President Washington’s advisers convinced him that he and Martha should not socialize with friends or accept private invitations, in order to avoid showing favoritism.  This decision was devastating to Martha.  It cut her off from seeing her friends, and it isolated her completely.  She lamented, “I lead a very dull life here [in New York City] . . .  I am not allowed to go to any public place, —indeed I am more like a prisoner than anything else.” In essence, she was in a state of house arrest.  How tragic and unnecessary!

Widowhood and Death

George Washington died in 1799.  Martha said this was the saddest day of her life. She was so devastated that she could not bring herself to attend his funeral. 

Under the provisions of his will, George Washington declared that his slaves were to be granted their freedom upon Martha’s death. (He was one of the few founding fathers to grant his slaves freedom.) Rumors spread that some of the slaves might murder Martha in order to be free. So, at the urging of Martha’s worried relatives, she freed her slaves after one year. 

Image result for george washington grave

Martha died in Mount Vernon on May 22, 1802, and she was buried next to her beloved husband at Mount Vernon.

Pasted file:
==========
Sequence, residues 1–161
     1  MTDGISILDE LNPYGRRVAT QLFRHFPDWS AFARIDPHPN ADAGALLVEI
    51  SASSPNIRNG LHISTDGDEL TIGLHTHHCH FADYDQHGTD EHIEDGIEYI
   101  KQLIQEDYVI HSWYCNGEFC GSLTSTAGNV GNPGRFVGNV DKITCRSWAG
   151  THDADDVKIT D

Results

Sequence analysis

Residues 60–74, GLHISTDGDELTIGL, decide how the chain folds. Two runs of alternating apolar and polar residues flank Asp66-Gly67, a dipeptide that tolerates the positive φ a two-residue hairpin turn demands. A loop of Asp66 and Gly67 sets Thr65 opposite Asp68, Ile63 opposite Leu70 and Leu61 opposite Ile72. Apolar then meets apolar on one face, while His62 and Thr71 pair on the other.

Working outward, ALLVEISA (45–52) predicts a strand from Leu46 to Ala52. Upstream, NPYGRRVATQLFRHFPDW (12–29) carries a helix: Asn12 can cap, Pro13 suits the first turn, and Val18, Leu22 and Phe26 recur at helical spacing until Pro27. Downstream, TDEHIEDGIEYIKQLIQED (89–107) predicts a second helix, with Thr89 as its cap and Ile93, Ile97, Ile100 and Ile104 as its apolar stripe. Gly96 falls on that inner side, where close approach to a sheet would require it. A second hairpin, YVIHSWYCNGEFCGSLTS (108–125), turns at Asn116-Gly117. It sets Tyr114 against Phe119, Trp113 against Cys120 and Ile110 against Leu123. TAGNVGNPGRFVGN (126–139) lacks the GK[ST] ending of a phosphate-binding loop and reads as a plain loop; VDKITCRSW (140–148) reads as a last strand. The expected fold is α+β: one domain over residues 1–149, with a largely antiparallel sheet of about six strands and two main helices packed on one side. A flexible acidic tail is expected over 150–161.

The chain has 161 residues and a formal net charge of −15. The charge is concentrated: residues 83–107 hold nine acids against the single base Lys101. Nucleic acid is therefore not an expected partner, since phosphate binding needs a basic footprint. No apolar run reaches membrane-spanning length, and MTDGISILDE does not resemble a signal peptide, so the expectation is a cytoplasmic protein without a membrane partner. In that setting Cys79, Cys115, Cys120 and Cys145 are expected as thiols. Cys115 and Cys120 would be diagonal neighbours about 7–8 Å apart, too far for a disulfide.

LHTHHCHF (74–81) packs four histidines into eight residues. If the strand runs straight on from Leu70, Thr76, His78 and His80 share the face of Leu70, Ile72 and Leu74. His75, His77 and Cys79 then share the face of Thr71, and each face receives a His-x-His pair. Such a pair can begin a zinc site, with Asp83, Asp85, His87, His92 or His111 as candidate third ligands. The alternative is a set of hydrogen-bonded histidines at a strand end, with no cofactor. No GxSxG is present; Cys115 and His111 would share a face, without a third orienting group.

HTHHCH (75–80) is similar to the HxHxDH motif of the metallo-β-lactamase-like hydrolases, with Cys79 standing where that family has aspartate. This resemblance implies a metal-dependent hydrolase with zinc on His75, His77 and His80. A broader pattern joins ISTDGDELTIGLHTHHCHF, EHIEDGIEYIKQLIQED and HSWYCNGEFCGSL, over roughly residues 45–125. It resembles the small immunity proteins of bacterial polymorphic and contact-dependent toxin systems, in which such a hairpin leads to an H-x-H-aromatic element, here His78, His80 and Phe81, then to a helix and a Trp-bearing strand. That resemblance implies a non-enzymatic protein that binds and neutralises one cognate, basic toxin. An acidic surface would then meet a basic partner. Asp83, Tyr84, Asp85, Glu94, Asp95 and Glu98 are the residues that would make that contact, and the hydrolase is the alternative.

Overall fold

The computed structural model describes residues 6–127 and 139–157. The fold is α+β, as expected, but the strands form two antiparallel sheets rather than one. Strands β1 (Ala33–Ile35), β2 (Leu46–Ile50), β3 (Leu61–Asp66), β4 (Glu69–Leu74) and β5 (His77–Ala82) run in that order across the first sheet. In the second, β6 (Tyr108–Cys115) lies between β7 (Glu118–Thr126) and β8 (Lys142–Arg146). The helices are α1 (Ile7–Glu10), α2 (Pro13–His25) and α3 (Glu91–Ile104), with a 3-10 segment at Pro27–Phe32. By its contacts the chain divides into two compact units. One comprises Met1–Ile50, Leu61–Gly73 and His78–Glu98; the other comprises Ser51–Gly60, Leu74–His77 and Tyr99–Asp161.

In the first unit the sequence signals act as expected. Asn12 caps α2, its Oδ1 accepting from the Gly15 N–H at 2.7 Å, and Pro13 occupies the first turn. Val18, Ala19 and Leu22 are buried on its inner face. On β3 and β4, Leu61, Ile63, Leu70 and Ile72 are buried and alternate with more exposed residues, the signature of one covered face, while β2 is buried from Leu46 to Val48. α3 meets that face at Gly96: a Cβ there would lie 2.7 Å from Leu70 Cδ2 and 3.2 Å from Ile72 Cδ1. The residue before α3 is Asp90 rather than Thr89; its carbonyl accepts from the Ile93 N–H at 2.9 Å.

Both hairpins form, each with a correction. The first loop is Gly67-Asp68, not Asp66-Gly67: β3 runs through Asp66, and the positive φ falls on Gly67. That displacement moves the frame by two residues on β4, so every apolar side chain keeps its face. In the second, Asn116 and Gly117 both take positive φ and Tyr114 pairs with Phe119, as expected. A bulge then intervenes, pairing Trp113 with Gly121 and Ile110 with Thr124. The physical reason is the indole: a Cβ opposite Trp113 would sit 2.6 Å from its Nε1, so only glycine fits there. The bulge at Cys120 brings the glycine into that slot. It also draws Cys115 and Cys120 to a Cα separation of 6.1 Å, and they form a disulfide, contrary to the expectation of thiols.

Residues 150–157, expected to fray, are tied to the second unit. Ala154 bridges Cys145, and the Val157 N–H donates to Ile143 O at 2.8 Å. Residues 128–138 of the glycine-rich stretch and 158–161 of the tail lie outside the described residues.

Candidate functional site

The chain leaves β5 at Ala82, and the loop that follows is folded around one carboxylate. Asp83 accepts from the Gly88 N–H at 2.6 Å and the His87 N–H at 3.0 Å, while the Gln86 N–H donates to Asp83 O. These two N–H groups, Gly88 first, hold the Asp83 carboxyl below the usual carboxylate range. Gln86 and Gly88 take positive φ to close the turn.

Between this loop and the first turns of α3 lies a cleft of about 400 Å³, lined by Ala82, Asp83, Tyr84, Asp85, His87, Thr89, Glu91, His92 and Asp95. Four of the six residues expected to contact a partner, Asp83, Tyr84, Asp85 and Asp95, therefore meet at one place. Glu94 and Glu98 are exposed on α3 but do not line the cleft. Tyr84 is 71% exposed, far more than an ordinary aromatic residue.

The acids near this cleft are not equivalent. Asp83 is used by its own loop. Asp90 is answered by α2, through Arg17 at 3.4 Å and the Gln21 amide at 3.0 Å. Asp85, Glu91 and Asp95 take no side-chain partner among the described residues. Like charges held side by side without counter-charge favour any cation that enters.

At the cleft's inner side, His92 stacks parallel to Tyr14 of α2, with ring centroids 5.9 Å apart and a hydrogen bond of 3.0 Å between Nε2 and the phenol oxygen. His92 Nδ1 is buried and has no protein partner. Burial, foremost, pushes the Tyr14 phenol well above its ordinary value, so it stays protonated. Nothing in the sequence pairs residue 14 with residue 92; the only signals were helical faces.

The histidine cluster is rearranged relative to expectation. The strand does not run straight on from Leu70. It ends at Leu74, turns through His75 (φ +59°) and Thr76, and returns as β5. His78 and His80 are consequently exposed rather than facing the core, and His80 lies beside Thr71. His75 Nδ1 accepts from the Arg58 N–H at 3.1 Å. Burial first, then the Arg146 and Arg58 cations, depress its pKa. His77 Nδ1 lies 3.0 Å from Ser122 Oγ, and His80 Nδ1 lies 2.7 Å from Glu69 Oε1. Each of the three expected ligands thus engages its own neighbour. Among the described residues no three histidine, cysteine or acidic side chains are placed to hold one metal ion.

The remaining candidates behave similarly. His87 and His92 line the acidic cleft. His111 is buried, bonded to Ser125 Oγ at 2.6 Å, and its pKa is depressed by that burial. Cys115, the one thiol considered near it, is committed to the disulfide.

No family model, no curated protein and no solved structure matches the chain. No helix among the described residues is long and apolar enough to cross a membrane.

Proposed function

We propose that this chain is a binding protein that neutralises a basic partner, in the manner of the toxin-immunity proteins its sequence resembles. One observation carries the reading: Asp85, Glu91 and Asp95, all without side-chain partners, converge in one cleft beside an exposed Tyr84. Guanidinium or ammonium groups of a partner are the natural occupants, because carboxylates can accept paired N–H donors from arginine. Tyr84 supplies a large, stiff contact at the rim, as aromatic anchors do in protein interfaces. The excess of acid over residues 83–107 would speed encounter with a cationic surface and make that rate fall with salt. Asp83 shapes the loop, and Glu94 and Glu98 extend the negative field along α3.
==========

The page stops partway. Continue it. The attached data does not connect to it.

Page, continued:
Martha Washington is a wonderful role model for women’s education and literacy, for caring for the needy, for being a loyal and equal partner in marriage, and for being a true patriot who made great sacrifices for this country. She is a great Founding Mother. 

She must be remembered and honored.

(P.S. My daughter named her rescued 70-pound Old English Bulldog “Martha” in honor of Martha Washington.)

(Sources: Multiple tours of Mount Vernon; Personal research for speeches on founding fathers and mothers; Coke Roberts, Founding Mothers: The Women Who Raised Our Nation; “Martha Washington,” Wikipedia; “Ladies of Liberty,” American Ride, BYUtv.)

One thought on ““The Mother of our Country”– The Unwavering Martha Washington

  1. This and the other Editions that have history and patriotism themes are such breaths of fresh air for the mind and heart. Love of country is not in fashion any more; these writings are pieces of light.